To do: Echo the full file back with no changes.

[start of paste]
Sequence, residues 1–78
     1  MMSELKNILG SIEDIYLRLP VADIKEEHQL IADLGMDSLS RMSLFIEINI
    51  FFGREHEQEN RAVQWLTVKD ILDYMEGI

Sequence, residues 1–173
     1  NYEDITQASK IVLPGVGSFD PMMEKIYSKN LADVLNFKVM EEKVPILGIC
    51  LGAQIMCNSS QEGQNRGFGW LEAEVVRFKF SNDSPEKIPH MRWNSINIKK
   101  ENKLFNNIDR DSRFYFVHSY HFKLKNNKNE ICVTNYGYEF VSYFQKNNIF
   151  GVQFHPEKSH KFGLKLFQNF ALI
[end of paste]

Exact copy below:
Sequence, residues 1–78
     1  MMSELKNILG SIEDIYLRLP VADIKEEHQL IADLGMDSLS RMSLFIEINI
    51  FFGREHEQEN RAVQWLTVKD ILDYMEGI

Sequence, residues 1–173
     1  NYEDITQASK IVLPGVGSFD PMMEKIYSKN LADVLNFKVM EEKVPILGIC
    51  LGAQIMCNSS QEGQNRGFGW LEAEVVRFKF SNDSPEKIPH MRWNSINIKK
   101  ENKLFNNIDR DSRFYFVHSY HFKLKNNKNE ICVTNYGYEF VSYFQKNNIF
   151  GVQFHPEKSH KFGLKLFQNF ALI